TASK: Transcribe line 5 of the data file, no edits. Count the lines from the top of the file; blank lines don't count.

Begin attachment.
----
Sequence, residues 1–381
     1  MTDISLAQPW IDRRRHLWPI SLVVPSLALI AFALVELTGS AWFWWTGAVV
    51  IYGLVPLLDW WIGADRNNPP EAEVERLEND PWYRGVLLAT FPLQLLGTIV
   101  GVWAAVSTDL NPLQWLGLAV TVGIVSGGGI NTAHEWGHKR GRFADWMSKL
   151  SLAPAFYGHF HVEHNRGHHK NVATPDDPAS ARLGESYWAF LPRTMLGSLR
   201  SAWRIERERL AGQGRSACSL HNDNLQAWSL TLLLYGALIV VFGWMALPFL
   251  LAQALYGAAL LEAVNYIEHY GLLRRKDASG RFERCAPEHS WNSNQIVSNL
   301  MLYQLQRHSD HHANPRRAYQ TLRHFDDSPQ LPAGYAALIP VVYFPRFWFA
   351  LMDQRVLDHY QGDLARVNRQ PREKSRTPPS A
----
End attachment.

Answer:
   151  SLAPAFYGHF HVEHNRGHHK NVATPDDPAS ARLGESYWAF LPRTMLGSLR